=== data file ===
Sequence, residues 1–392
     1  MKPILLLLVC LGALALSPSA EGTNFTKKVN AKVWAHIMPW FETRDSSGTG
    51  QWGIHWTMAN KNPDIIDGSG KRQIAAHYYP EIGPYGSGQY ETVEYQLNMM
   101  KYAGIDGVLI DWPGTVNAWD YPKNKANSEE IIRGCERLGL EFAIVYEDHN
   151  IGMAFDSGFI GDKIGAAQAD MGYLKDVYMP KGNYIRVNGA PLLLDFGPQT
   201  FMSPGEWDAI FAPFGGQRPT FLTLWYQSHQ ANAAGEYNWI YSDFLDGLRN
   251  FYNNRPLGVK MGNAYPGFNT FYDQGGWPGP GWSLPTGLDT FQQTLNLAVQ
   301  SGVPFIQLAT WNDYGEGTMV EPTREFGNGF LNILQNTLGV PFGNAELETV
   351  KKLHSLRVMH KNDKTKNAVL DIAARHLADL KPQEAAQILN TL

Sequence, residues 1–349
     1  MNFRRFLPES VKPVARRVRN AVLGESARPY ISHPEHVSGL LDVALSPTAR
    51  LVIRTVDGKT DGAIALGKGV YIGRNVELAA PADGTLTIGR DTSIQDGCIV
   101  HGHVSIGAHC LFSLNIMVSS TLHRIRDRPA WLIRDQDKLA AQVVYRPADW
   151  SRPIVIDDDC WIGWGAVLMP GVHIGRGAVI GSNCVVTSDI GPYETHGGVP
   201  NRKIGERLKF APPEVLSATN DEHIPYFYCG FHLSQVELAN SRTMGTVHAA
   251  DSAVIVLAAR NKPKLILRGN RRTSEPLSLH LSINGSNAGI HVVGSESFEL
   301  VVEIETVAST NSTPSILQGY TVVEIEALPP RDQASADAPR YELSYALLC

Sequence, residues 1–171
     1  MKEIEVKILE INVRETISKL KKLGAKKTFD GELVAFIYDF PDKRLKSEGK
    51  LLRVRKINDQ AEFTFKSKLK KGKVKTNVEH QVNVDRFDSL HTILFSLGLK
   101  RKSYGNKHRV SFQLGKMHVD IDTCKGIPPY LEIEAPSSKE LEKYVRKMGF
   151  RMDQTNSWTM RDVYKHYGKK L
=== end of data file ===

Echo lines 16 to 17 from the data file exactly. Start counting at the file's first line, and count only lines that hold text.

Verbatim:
   251  DSAVIVLAAR NKPKLILRGN RRTSEPLSLH LSINGSNAGI HVVGSESFEL
   301  VVEIETVAST NSTPSILQGY TVVEIEALPP RDQASADAPR YELSYALLC